3-21-11: Preparation for Illness

March 21, 2011 at 8:00 am 2 comments

In November 2010, the writer Dudley Clendinen was diagnosed with Amyotrophic lateral sclerosis, or ALS, more popularly known as Lou Gehrig’s disease.  There is no known cure for ALS, and once a person is diagnosed, they usually live between 1.5 to 3 years.

Over the past few weeks, Dudley has been discussing the experience of living with the illness with the host of our show, Tom Hall.  He talked about dealing with the diagnosis in the first conversation, and then in the second, discussed the experience of giving others the news.  The series is called “Living with Lou:  Dudley Clendinen on a Good, Short Life.”

In the third conversation, he speaks about how to make the best of the diagnosis: “It gives you a choice between dying a sourpuss, or doing the better thing, and making lemonade, and a positive attitude, and it’s essentially a chance to make a gratitude list.  I’m a very lucky man, in that I’ve had a lot of preparation for this.”

One of the experiences that prepared Dudley is caring for older members of his family, which allowed him to get used to the idea of old age and decline, and the choices people have to make.   He documented his mother’s time in Canterbury Tower in Florida, where the average occupant is 86 years old, in his book A Place Called Canterbury:  Tales of a New Old Age in America.

Dudley also says that working through alcoholism has been helpful:  “The great thing about getting sober is it allows you to think clearly and to feel your emotions about things:  other people and you, and your issues for the first time, and to be able to deal with them.”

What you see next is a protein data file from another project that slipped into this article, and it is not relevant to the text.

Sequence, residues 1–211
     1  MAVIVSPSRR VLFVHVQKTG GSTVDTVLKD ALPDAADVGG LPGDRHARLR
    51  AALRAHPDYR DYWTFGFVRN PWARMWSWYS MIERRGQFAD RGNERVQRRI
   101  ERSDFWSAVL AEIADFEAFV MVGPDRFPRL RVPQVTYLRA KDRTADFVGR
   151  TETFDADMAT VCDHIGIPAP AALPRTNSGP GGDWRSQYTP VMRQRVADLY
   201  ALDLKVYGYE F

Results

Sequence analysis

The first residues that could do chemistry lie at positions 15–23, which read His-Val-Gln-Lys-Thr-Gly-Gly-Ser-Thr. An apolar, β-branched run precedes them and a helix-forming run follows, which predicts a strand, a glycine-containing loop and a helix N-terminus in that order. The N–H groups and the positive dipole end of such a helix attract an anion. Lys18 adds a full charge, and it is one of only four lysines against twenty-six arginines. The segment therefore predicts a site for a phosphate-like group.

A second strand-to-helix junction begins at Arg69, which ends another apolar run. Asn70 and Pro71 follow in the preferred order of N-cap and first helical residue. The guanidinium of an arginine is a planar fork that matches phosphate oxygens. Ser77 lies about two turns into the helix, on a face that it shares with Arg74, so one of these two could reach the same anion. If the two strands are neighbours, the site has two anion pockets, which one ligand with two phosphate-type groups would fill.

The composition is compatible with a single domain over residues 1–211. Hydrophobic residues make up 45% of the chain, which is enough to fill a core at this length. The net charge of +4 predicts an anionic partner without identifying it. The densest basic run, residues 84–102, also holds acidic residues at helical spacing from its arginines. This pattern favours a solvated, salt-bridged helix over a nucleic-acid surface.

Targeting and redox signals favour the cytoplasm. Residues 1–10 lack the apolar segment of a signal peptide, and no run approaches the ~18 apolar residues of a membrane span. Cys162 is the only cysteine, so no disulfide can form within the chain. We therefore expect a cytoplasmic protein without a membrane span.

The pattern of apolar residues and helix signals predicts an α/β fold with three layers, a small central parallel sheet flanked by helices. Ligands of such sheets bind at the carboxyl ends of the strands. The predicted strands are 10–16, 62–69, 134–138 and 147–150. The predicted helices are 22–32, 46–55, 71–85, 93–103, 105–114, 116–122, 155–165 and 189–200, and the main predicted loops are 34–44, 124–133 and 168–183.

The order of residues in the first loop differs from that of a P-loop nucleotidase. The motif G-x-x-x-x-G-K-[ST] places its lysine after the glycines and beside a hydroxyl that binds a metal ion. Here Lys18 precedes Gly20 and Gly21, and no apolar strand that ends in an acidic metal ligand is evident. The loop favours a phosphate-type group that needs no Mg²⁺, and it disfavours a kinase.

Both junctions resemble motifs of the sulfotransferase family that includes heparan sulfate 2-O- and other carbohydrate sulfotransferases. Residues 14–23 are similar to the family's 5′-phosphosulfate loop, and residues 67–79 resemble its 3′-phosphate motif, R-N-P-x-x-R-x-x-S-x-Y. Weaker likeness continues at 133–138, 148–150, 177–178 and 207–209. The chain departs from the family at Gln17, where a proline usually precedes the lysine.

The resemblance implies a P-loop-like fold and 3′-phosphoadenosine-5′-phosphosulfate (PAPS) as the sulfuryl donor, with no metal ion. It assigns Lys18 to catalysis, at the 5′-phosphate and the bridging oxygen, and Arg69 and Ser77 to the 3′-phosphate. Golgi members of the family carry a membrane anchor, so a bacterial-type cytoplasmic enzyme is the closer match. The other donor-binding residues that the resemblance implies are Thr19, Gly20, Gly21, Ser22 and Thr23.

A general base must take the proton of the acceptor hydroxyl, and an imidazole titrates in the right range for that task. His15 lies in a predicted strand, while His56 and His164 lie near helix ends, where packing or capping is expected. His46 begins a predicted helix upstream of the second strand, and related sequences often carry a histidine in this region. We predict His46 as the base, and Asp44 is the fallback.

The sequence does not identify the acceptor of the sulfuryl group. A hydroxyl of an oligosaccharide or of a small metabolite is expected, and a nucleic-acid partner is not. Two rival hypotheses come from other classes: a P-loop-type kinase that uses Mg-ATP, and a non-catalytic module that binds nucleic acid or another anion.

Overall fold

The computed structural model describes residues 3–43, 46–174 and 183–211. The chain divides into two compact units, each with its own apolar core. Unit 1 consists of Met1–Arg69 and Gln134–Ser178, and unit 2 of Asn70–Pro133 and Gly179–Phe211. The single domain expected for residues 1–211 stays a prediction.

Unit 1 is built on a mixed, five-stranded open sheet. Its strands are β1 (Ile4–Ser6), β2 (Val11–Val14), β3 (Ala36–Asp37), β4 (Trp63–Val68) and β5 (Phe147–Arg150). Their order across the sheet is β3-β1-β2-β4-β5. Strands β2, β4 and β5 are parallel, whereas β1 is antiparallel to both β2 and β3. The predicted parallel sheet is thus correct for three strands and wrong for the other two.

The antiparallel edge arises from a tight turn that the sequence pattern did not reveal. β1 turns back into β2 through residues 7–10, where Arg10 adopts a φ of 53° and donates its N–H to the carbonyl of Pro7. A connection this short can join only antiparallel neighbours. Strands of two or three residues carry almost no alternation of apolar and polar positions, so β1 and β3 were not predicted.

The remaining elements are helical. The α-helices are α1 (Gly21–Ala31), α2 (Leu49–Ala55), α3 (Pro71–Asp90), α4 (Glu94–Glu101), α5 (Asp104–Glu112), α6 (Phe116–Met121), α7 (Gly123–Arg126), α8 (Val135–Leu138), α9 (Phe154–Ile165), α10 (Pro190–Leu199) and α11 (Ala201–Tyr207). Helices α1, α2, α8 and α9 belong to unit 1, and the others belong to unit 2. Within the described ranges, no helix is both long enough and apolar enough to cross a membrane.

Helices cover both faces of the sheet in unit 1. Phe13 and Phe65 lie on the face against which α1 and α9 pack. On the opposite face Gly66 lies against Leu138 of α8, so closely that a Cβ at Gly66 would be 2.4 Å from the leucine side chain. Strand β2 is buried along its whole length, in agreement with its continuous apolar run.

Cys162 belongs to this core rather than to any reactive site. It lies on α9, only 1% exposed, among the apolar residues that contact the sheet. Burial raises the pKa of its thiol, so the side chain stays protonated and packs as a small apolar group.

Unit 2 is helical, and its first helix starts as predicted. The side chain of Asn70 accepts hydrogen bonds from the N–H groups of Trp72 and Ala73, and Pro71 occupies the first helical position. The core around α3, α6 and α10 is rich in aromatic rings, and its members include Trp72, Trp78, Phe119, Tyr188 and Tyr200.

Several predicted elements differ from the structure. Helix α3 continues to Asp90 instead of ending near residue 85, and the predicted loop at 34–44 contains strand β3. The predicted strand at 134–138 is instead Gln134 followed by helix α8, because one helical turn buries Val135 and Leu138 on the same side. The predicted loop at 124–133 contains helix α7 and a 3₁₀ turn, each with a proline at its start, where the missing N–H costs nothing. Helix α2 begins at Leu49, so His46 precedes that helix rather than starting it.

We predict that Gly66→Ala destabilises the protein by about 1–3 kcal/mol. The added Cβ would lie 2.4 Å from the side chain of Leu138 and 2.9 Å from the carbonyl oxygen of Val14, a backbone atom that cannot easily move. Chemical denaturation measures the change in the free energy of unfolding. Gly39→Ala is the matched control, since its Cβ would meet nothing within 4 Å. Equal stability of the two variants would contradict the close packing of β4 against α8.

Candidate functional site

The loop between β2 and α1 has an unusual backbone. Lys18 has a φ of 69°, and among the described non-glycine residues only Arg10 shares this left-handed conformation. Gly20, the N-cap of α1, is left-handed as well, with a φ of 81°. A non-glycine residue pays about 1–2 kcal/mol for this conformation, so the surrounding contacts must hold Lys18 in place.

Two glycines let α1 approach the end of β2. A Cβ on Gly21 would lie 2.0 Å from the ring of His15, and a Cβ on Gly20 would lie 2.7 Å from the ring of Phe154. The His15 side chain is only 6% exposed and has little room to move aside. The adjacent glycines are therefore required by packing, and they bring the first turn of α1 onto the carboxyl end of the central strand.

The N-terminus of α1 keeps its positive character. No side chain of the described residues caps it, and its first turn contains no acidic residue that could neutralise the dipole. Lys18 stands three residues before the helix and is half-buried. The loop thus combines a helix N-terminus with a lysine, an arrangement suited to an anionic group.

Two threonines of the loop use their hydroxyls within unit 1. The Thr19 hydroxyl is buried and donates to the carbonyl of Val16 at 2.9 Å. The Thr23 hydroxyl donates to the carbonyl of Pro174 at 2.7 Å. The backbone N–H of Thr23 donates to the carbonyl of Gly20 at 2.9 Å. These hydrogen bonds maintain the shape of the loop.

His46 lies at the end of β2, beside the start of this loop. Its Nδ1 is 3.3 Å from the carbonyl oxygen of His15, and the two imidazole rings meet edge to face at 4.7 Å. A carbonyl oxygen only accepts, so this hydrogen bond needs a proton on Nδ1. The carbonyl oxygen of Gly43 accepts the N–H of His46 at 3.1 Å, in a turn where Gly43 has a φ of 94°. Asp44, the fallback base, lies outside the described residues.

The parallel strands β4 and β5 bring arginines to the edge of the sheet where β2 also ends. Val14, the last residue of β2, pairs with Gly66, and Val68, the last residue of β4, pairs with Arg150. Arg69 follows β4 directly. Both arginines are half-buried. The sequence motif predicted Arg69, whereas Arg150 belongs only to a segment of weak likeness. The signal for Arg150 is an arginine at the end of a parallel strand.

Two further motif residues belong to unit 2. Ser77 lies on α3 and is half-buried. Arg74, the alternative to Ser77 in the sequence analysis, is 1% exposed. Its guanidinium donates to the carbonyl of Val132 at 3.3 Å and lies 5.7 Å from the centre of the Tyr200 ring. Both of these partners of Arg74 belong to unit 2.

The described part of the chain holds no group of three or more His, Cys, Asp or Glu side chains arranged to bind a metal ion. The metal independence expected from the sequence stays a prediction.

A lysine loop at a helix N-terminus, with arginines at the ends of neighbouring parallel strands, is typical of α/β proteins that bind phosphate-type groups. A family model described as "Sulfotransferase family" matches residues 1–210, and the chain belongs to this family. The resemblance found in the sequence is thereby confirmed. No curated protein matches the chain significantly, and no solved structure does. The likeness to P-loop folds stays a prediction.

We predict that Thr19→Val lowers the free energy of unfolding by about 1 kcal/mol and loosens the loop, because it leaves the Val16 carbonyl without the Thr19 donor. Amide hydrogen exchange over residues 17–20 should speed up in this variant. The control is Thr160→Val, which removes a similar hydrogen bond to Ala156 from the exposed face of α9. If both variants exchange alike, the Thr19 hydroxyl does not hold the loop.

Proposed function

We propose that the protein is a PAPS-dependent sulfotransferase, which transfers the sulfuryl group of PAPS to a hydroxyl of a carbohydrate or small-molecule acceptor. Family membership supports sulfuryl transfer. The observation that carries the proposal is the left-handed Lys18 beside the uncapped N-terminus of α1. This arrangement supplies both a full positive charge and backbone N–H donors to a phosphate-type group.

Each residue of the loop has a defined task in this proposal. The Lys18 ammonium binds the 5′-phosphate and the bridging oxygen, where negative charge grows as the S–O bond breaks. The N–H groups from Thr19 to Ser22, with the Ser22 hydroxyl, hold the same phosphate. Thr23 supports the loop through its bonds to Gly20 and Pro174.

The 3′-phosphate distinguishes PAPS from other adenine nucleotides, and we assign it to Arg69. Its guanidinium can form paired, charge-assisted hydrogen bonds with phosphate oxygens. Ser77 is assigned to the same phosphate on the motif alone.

He says it’s helped him figure out how to talk with others about the disease in a gentle way: “The lesson of the thing is to not try to protect people you love.  Keep them informed…It helps to curl up on the couch when it’s quiet with a place with a lot of books and art you love and some music in the background, and talk, and be relaxed.  Don’t spring things on people.  Lead them along gently if you can, but be clear and be honest, and don’t set them up for a good result when you know there may not be one.”

The music that ends this segment is the song “Smilin’ Must Mean Something,” by the Hackensaw Boys.

You can listen to all of our conversations with Dudley Clendinen at this link.

Entry filed under: Health, On Air. Tags: , , , .

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2 Comments Add your own

  • 1. Mary Spiro  |  March 21, 2011 at 1:06 pm

    I am so sorry to hear of another person being consumed by ALS. I appreciate Mr. Clendinen’s candidness in discussing his disease. I lost my brother John to ALS in January this year at age 56. He was open and transparent with his three children, his wife and all this friends about his situation. He was a religious man and had a lot of love and support from his friends and church. It still does not make it any easier. In January 2009 I chose not to enroll in Mr. Clendinen’s writing class at Johns Hopkins and instead took a similar course with another instructor. I wrote about my brother’s mystery disease in that class. Had I been in Mr. Clendinen’s couse, we might have discovered the truth about them both. How strange that might have been. I will keep Dudley and his daughter in my thoughts.

    Reply
  • 2. Aaron Fox  |  July 31, 2011 at 3:29 pm

    I am an 86 year old Iwo Jima Marine just startting to feel the warning signs that life-ending diseases (strokes, ALS, Alzeimers et al) are lurking around the corner. I don’t want diapers and spoon feeding when I become incapacitated. I have read “Final Exit” and came away feeling that a gun was the fastest and least painful way out. You seem to eschew guns for your final exit. Would you share your secret with me?

    Reply

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